What We're Watching: Mass Arrests, Libya's Spiral, A Floating Unicorn

What We're Watching: Mass Arrests, Libya's Spiral, A Floating Unicorn

Mass Arrests in the US – On Sunday, US immigration police will begin a multi-day, nationwide operation to arrest thousands of people believed to be living in the United States illegally, according to press leaks from US officials. If this happens—similar plans have been postponed before—President Trump will say he is simply enforcing US law. His critics will insist he's capsizing the lives of thousands of people, including children, for political gain. The less predictable part of this story is the human drama that thousands of arrests will create—and the political firestorm that will surely follow.


Libya's Downward Spiral – A new report suggests that Libya's civil war is becoming bloodier and that the country is now "spiraling further downward." There's no end in sight to the fight between the internationally-recognized, UN-backed Government of National Accord and the so-called Libyan National Army, led by former Libyan general Khalifa Haftar and reportedly backed by Egypt, the UAE, Saudi Arabia, and Russia. On July 5, the UN Security Council formally condemned an airstrike on a migrant detention camp in a suburb of Tripoli that killed 53 people. No one has admitted responsibility for that attack. A bid by Haftar to capture Tripoli has bogged down. And despite a UN arms embargo in place since 2011, Libya remains "awash with weapons."

Miracles on Italian Beaches – Imagine: You're a newlywed enjoying a holiday on a beautiful Sardinian beach. You're floating on an inflatable unicorn. But then you fall into the water, which is unexpectedly cold, and your medical condition makes it impossible for you to move your legs. A strong wind then blows away your unicorn. You are now swallowing large amounts of salt water, and you begin to lose consciousness. Not to worry, because Olympic bronze medal-winning swimmer Filippo Magnini, sunbathing on the beach with his TV star girlfriend, has been alerted to your plight, and he's only too happy to save you. Apparently, this is the sort of thing that actually happens on Italian beaches.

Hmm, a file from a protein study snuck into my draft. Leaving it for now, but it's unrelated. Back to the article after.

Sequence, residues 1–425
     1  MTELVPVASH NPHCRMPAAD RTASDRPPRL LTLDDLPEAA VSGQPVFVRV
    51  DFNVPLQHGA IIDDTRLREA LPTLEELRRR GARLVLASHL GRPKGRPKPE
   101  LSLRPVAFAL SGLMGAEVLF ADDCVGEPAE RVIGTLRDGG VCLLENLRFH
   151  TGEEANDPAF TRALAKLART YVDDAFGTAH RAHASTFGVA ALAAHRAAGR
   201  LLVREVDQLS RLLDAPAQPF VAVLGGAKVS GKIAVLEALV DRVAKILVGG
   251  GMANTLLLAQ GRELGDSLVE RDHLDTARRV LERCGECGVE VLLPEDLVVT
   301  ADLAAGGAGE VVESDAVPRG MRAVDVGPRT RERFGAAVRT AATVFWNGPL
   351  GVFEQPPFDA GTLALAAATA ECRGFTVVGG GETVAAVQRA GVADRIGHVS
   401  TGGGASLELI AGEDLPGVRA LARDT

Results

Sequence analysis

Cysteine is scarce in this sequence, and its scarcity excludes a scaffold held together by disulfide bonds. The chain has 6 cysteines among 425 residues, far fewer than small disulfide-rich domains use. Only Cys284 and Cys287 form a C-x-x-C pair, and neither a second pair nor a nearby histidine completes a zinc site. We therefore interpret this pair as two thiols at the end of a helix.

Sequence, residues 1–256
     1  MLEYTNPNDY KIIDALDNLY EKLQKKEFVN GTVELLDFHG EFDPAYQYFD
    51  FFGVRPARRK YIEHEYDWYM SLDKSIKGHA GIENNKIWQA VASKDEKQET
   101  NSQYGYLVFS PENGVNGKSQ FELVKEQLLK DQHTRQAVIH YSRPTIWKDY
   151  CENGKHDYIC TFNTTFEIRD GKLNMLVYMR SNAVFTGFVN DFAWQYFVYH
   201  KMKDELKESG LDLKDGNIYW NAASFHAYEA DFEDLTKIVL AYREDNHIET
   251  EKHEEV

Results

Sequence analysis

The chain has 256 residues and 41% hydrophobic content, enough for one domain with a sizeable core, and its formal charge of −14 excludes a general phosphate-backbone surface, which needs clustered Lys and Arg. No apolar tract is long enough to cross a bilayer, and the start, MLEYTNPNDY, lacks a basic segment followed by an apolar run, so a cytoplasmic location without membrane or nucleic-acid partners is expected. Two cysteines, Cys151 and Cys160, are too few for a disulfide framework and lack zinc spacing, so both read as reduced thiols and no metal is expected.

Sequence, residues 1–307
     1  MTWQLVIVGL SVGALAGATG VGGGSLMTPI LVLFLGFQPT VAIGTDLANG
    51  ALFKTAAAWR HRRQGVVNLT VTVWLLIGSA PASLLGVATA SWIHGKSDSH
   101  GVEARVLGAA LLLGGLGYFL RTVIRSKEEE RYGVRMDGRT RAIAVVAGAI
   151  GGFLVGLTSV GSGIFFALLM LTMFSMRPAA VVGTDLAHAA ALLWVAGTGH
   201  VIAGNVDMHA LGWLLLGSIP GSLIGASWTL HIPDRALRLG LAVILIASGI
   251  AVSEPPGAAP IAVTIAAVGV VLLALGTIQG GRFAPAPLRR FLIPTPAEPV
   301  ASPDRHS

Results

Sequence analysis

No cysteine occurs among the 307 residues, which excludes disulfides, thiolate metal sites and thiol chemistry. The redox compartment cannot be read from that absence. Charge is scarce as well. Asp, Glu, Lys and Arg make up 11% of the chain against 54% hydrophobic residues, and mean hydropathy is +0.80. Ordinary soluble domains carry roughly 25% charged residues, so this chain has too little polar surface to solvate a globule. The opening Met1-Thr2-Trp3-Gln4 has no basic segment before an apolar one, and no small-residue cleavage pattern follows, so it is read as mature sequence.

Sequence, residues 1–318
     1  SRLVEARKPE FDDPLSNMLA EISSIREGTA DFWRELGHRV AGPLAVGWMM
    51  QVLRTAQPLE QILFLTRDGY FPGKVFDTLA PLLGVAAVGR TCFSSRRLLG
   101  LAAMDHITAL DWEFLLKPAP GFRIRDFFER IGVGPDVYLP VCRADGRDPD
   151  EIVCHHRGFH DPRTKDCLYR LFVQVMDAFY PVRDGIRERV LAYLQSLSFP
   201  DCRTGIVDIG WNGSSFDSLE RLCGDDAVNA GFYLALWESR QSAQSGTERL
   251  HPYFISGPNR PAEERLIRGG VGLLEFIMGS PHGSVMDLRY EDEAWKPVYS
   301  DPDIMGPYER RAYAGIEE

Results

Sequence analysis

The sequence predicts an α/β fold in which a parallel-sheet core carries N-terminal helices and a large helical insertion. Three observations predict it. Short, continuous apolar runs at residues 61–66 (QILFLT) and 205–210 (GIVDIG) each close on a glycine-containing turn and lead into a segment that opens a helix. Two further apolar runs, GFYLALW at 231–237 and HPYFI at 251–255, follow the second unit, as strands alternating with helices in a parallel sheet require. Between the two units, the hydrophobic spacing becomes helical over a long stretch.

Off to the races – You can, and should, experience the thrills of the annual World Wife-Carrying Championships right here. But then there's also this excellent T-Rex race. We're watching for your responses to know which race you like better and why.

What We're Ignoring:

Putin's Love of Birds – In a recent speech, Russia's president warned that wind turbines are dangerous: "Wind-powered generation is good, but are birds being taken into account in this case? How many birds are dying?" Research from the London School of Economics estimated in 2014 that there could be anywhere from 9,600 and 106,000 bird deaths a year from wind energy in the UK by 2020. (That's a fairly broad guess.) Their research also found that about 55 million British birds are killed each year by British housecats. We're not doubting Putin's well-documented love of birds, but maybe his position as president of one of the world's leading producers of oil, gas, coal, and nuclear energy has skewed his judgment on this one.

Microsoft announced earlier this year the launch of a new United Nations representation office to deepen their support for the UN's mission and work. Many of the big challenges facing society can only be addressed effectively through multi-stakeholder action. Whether it's public health, environmental sustainability, cybersecurity, terrorist content online or the UN's Sustainable Development Goals, Microsoft has found that progress requires two elements - international cooperation among governments and inclusive initiatives that bring in civil society and private sector organizations to collaborate on solutions. Microsoft provided an update on their mission, activities for the 75th UN General Assembly, and the team. To read the announcement from Microsoft's Vice President of UN Affairs, John Frank, visit Microsoft On The Issues.